Pakistan's embarrassment at being shown as having provided sanctuary to the world's most wanted terrorist is likely to prompt diplomatic, military, political, and public responses.
So Osama bin Laden has not been hiding in Karachi or somewhere in the mountains of Waziristan; rather, he's been in Abbottabad. Oh dear. There might be a place more embarrassing for Pakistan, but it is hard to think of one. It is yet further evidence that Pakistan, supposedly a key ally of the United States, has gone rogue.
Abbottabad is like West Point, New York. Each is home to a nation's top military academy. Each is close to a major city. In the case of Abbottabad, that is the Pakistani capital, Islamabad. It takes about an hour and half to drive -- the same time that West Point's website says it takes to the U.S. military academy from New York City.
A military town dating back to British India, Abbottabad is named for Major James Abbott, an imperial soldier and administrator, who founded it in 1853. Like other military towns in the area -- Rawalpindi (the headquarters of the Pakistan Army) and Wah (a munitions manufacturing center) -- it has a cantonment, a district of straight roads and open spaces where military personnel live and work. Cantonments are the smarter part of towns. Osama bin Laden was living near Abbottabad's cantonment.
Abbottabad is also where Pakistan's retired military live. Back in the late 1970s, I used to visit a straight and secular Pakistani politician who lived there -- retired air marshal Asghar Khan -- a rare breed. He had been a commander of the Pakistan air force who thought he had something to offer Pakistani political life. He did -- but he was a poor politician and distrusted by the Pakistan Army, so he failed. Now aged 90, he still lives in Abbottabad.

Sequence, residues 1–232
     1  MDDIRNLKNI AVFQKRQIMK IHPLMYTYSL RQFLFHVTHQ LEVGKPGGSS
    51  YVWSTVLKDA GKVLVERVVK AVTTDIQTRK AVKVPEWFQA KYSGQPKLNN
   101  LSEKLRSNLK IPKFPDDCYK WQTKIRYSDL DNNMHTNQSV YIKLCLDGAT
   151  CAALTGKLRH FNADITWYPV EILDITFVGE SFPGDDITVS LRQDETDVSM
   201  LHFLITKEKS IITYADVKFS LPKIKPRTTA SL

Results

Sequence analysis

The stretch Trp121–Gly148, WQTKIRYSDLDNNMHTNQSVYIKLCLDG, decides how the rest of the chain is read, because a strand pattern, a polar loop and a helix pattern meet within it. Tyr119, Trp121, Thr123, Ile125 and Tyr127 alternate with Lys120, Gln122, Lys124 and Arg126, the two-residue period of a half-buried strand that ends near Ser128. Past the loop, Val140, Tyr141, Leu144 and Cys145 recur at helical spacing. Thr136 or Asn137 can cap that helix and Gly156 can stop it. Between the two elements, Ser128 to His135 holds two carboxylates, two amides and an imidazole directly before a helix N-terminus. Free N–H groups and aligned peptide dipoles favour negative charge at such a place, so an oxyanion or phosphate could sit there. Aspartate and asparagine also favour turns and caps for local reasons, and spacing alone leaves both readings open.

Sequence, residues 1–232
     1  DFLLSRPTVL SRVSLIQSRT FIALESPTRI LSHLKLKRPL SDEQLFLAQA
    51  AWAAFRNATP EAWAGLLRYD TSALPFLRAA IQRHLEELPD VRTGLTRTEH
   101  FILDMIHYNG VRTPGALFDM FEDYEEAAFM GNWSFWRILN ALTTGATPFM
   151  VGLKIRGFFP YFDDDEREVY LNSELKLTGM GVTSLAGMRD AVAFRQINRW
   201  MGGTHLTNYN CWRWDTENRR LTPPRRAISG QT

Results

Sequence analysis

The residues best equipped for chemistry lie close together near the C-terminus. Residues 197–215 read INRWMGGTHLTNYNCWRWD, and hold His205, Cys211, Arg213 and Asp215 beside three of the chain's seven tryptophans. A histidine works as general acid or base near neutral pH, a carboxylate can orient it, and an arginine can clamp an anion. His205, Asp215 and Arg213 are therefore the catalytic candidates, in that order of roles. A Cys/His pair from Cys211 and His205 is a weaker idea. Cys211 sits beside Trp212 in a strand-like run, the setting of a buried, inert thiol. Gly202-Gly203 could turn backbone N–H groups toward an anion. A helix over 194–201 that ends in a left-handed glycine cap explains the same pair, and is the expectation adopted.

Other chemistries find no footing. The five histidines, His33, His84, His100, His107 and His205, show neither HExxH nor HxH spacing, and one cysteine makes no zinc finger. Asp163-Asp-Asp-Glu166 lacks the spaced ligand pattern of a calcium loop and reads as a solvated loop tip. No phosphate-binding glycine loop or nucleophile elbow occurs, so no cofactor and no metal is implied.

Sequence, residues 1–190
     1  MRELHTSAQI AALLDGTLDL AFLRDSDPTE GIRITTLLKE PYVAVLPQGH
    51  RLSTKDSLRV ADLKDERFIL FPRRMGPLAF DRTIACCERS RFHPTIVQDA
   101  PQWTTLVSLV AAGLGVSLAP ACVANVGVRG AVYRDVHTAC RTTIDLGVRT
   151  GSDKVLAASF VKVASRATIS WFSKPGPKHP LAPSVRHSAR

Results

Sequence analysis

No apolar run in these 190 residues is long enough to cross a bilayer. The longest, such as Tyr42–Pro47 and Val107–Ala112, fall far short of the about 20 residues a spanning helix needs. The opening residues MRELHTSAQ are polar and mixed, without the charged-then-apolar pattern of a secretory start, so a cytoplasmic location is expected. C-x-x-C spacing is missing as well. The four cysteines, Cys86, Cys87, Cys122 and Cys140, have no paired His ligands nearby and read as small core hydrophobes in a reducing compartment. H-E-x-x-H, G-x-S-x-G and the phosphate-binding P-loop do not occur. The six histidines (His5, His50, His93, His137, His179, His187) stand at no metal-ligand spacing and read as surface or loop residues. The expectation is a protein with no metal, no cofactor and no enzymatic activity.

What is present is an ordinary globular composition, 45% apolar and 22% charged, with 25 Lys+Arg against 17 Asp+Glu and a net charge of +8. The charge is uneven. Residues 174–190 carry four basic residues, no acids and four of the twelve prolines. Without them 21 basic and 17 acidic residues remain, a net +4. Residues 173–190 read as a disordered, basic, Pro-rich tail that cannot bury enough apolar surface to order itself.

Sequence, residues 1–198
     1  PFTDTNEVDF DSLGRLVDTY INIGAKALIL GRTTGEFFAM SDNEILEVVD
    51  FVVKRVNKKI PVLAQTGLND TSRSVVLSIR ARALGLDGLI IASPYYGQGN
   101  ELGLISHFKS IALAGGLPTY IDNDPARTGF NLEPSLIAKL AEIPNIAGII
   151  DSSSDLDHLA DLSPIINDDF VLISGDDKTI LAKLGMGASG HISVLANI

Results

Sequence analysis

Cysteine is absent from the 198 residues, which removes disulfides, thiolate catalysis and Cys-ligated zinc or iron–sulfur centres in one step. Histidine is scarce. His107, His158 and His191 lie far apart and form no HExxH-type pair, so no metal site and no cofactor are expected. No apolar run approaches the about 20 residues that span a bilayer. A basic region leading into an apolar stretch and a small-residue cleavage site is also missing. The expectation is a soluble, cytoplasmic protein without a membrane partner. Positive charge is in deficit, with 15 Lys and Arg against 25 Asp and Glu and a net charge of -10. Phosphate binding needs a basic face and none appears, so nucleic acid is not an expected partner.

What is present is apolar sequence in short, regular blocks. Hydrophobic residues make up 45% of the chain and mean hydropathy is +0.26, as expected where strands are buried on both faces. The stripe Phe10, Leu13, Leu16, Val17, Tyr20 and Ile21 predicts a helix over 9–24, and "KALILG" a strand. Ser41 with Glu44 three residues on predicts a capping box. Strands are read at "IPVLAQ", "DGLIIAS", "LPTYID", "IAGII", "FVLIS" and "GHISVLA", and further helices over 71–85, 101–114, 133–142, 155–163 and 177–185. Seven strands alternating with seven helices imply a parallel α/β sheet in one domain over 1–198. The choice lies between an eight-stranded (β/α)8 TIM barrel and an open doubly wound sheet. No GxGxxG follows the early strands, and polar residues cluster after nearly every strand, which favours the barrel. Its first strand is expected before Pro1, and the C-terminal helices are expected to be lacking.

(Also in the late 1970s, the town was where one western intelligence representative, working under diplomatic cover in Islamabad, had a cottage where he used to meet East bloc diplomats whom he hoped to persuade to defect. The Pakistan government of the day tolerated the activity, also providing local security for it.)
That was then, and this is now. Trust between the United States and Pakistan has been perilously thin since the 2001 attacks when, according to the memoirs of General-turned-President Pervez Musharraf, then Deputy Secretary of State Richard Armitage said Pakistan "had to decide whether we were with America or with the terrorists, but that if we chose the terrorists, then we should be prepared to be bombed back to the Stone Age."
The need for a logistics base, from which to go after al Qaeda and the Taliban in Afghanistan, has forced Washington to compromise at several points. Pakistan's nuclear proliferation [ties] to Iran, Libya, and North Korea were all too conveniently blamed on the scientist Dr. A. Q. Khan. The links between the 2008 terror attacks on the Indian city of Mumbai and the Pakistani military's Inter-Services Intelligence (ISI) were slow to be established, at least publicly. Militarily, Pakistan's help for U.S. and allied forces in Afghanistan has been poor; politically, the country has sought to actively undermine Washington.
But cooperation between the United States and Pakistan is a continuing need, so further diplomatic fudging might be necessary. This time it could be a tough sale. The Pakistan military and people have always been suspicious of clandestine CIA activities in Pakistan, as the recent diplomatic cause celebre of contractor Raymond Davis, who killed two Pakistanis in Lahore earlier this year, showed. Information about months of surveillance of bin Laden's lair will exacerbate the paranoia of many Pakistanis.
Until early Sunday morning, U.S. military operations in Pakistan officially sanctioned by the government were apparently limited to drone attacks on terrorist hideouts in the wild tribal areas along the border with Afghanistan. Pakistan's embarrassment at being shown as having provided sanctuary to the world's most wanted terrorist is likely to prompt diplomatic, military, political, and public responses. It will be a miracle if the politicians in Islamabad or the army in nearby Rawalpindi confine themselves to a monstrous sulk.
Either way, expect public protests. Abbottabad is part of Pakistan's Khyber Pakhtunkhwa province, as the more evocative northwest frontier province is now known. The local people -- Pashtoons -- are suspicious of foreigners, especially non-Muslims. But they provide hospitality and, more importantly, sanctuary, to Muslims in need. Some, probably many, will regard the killing of Bin Laden as being an affront to their culture. (Don't ask why they don't regard giving him sanctuary as being an affront to our culture.)
Bin Laden's death is the end of a chapter. But it is not the end of the story.
Simon Henderson, the Baker fellow and director of the Gulf and Energy Policy Program at The Washington Institute, formerly worked as a correspondent for the BBC and Financial Times in Islamabad.